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In this blog, there will be a variety of material: thoughts on Bible books, book reviews, historical characters, aspects of Scottish church history and other things.

Monday, 29 July 2013

God's kingdom grows (Genesis 21:22-34)


Years earlier, God had made a promise to Abraham that his seed would be a blessing to the nations. Readers of Genesis have been waiting for an example of this fulfilled promise, and now Moses points out that shortly after the birth of Isaac a powerful Philistine group voluntarily aligned themselves with Abraham because they had observed that God was with him. The desire for identification with Abraham is all the more surprising because, as we observed in our reading on Genesis 20, Abraham had been deceptive in his earlier contact with this group of Philistines. Yet on that occasion he had discovered that they feared God.

Since Abraham was at the centre of God’s plan of salvation, readers of Genesis would assume that others with an interest in his mercy would desire to join his servant in a public manner. It is evident that Abimelech realised that Abraham was going to be present in the land for a long time, which is why he asked that future generations of his people would receive blessings through Abraham. 

Abimelech and Phicol were willing to confess that the land belonged to a man who at that time seemed to have very little in comparison to what they had. But they did not judge things by the sight of their eyes; instead they looked ahead with the eyes of faith and recognised that God would certainly bless Abraham. This is how we are to respond to the gospel. On a human level, the church of Christ seems insignificant. Yet the fact is that the future belongs to it and not to those who seem currently to have a place of prominence. Heavenly wisdom states that we should by faith identify ourselves with the despised people of God.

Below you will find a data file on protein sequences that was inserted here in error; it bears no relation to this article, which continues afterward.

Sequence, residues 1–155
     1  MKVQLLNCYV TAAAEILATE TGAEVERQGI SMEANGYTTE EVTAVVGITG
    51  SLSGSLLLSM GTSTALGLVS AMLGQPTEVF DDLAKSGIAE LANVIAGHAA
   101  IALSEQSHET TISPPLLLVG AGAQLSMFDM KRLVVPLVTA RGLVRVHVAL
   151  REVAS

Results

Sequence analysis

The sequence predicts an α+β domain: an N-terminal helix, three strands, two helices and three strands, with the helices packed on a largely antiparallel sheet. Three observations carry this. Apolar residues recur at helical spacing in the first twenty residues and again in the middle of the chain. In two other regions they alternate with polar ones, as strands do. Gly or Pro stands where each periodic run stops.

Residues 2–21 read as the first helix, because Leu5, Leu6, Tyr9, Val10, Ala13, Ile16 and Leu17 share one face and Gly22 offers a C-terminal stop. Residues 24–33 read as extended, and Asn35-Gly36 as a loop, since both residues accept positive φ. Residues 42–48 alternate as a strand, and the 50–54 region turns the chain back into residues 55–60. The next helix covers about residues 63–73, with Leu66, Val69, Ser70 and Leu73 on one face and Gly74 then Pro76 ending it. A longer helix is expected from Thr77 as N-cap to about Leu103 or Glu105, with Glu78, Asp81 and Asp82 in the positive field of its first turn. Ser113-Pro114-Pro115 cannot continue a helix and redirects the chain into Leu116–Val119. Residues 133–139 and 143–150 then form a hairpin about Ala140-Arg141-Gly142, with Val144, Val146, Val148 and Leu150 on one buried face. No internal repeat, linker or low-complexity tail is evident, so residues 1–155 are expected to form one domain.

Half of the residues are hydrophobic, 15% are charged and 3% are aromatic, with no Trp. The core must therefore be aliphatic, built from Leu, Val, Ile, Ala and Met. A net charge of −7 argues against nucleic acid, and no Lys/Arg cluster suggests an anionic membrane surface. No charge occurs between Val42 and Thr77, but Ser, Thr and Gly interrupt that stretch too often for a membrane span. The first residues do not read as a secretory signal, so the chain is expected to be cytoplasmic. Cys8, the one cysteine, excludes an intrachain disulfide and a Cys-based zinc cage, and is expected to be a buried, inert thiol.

We may wonder why Abraham made such a fuss about a well in Beersheba when he brought up the matter with Abimelech. It is likely that Abraham had dug this well (although some scholars think it is the well that Hagar used). I suspect that the reason why he complained was due to the fact that his ownership was disputed by the servants of Abimelech, and he points out to the Philistine ruler that such conduct is not allowed among those who identify with Abraham. They have to confess that the land belongs to him, not them.

Abraham’s response to the treaty with Abimelech is worship. He planted a grove as a place where he would engage in worship and call upon the name of God. Candlish suggests that the grove was designed for use by both Abraham and Abimelech. ‘And there, from time to time, the two friends might meet, as members of the same communion, having now a common faith, a common hope, a common love, to call in common “on the name of the Lord, the everlasting God”.’

Genesis 21 reveals that Abraham had many reasons for giving thanks. His God had kept his promises concerning Isaac, had provided for Hagar and Ishmael, and had created permanent peace between Abraham and Abimelech. And what he did for the father of the faithful, he does for those who follow in his steps. 

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